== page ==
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Arc Welding Paulian Cambridge CRC Press

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control Presentation

Pan Jiluan

Cambridge

Theoretical analysis

Introduction

Although arc welding was invented approximately 100 years ago, many

aspects lack systematic theoretical analysis. In modern publications, there

is only a limited qualitative description of its static process and no scientific

analysis of its dynamic process. On the basis of control theory, the arc

welding process is viewed by the author as a control unit. The steps are to

define the mathematical expression of each element of the control unit, and

then take Laplace transform of the equations. By synthesising these Laplace

equations to obtain the interconnections of all the elements and the full

picture of the control unit, the mathematical representation of the dynamic

behaviour of the control unit can be easily derived.[1,2] Applying this theory,

a deeper understanding of the physical essence of the arc welding process

can be obtained; both the static and dynamic arc-length response due to

load disturbance can be analysed, and the direction and method for

improvement of the welding process can be established.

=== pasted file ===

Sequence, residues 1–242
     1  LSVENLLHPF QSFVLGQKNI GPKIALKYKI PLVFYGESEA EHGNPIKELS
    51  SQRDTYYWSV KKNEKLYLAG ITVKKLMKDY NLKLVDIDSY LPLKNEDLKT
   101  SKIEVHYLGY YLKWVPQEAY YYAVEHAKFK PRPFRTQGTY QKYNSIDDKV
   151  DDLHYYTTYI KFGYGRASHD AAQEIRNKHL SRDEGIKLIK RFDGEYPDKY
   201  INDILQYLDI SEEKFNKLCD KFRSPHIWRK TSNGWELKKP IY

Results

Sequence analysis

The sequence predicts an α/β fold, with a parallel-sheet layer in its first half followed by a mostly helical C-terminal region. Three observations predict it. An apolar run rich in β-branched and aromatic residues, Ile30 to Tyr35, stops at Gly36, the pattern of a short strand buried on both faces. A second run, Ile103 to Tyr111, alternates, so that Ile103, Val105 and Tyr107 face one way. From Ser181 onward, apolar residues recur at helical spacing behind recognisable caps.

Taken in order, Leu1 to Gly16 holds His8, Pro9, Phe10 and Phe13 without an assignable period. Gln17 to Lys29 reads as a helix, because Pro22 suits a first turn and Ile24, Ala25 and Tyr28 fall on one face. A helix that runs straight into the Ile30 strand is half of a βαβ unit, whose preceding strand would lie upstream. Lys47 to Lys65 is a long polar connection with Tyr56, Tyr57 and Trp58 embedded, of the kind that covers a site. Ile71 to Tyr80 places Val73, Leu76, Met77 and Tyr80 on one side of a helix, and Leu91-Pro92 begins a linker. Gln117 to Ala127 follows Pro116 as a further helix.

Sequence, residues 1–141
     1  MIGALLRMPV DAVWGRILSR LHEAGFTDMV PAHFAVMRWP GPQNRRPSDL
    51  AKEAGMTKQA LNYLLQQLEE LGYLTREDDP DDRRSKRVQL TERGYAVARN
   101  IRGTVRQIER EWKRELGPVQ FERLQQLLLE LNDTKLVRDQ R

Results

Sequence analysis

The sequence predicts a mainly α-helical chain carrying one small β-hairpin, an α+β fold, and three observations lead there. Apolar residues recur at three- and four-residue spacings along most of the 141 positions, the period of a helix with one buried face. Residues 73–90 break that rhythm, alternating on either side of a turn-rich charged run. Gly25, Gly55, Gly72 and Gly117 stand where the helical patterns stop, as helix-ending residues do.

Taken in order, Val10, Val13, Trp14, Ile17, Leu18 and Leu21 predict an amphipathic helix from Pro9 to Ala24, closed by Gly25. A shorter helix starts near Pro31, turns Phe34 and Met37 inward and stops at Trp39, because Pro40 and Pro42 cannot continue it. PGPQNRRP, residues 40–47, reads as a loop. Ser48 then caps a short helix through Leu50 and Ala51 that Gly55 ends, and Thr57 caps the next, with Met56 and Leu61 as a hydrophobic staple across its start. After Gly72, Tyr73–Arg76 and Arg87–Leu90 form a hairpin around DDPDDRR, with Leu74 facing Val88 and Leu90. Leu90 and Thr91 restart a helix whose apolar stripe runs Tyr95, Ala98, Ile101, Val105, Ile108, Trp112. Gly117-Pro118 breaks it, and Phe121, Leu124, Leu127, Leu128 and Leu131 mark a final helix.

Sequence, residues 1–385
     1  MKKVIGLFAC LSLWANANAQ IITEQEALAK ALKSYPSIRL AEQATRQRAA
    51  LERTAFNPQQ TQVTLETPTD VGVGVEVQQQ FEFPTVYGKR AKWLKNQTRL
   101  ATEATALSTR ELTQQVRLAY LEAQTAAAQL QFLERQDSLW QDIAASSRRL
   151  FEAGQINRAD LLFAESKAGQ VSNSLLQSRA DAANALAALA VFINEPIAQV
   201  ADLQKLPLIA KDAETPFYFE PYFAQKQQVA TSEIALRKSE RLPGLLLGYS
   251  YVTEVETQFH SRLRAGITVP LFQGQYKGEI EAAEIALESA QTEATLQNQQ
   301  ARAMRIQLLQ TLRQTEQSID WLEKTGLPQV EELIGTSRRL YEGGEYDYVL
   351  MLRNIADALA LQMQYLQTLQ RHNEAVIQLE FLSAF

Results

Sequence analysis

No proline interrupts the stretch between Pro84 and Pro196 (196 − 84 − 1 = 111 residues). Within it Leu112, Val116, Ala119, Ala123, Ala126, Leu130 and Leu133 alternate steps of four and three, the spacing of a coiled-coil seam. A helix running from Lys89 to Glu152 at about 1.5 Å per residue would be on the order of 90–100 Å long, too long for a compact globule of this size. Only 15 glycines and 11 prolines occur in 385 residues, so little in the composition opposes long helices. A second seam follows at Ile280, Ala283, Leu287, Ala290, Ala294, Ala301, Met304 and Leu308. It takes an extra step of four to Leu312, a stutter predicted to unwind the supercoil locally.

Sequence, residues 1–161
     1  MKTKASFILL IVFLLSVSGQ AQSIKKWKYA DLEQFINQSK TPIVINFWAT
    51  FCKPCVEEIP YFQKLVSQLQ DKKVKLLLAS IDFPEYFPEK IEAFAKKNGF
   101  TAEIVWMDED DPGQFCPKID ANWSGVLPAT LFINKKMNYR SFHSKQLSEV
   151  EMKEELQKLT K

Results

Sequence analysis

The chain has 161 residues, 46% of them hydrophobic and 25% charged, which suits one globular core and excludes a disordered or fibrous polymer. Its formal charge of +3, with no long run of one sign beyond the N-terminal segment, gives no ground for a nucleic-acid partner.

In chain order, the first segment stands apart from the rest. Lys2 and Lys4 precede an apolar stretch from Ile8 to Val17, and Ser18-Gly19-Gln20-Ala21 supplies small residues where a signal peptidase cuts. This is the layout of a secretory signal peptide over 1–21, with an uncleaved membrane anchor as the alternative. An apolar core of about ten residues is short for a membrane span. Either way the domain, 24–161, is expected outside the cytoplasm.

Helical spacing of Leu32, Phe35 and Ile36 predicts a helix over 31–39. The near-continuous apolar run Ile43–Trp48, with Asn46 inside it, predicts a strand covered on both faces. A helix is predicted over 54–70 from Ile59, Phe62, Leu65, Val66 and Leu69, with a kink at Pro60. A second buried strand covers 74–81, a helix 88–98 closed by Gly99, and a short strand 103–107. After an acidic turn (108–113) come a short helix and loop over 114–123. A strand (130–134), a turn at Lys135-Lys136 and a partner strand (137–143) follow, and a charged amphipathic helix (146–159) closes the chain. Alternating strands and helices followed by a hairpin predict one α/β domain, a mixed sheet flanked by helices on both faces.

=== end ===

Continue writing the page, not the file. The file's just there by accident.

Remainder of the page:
In this category of welding the wire-feed rate remains unchanged and the

arc length is regulated by the change of arc current induced by the change

of the arc length itself. In accordance with the assumption that the melting

rate is continuous and neglecting the effect of wire extension, the dynamic

equations of all the elements of the control unit may be established as

follows:

For the electrical circuit of the welding process

Self-regulation ability

During arc welding, there are many factors that disturb the arc length. How

does the system respond to these disturbances? How does the rate at

which

the arc length is restored to its normal value determine the stability and

quality of the welding process? Three causes of disturbance to the arc

length

are fluctuation of the line voltage, uneven wire-feed rate and fluctuation of

the torch-to-plate distance. The influence of the first cause can be easily

eliminated by proper design of the power source. Therefore, in the

following

text, the response of the arc length to the latter two causes of disturbance

are discussed.

According to Fig. 1.2, the response of the arc length due to wire-feed rate

disturbance may be expressed as:

From Eq. [1.8] it can be seen that the slope of the output

characteristic will

influence the damping factor. In the case of 1.2mm wire diameter,

ka = 0.716, kp = 0.0245, R = 19mW, and L = 0.3mH, the effect

may be shown

as in Table 1.3. It can be seen that the larger the slope, the smaller

the

damping factor will be. It is known that too small a value of z will

result in

overshoot during a transient process. According to control theory,

the

optimum value of z is 0.7 and thus the slope of the output

characteristic can

be derived as

overshoot are kept unchanged, then wn will decrease and the transient time

will increase. From Eq. [1.11], it is seen that the attenuation factor is

inversely proportional to L; therefore an increase of inductance is

detrimental

to the dynamic characteristics of the system. According to Eq. [1.8],

a decrease of L makes it possible to increase the slope of the output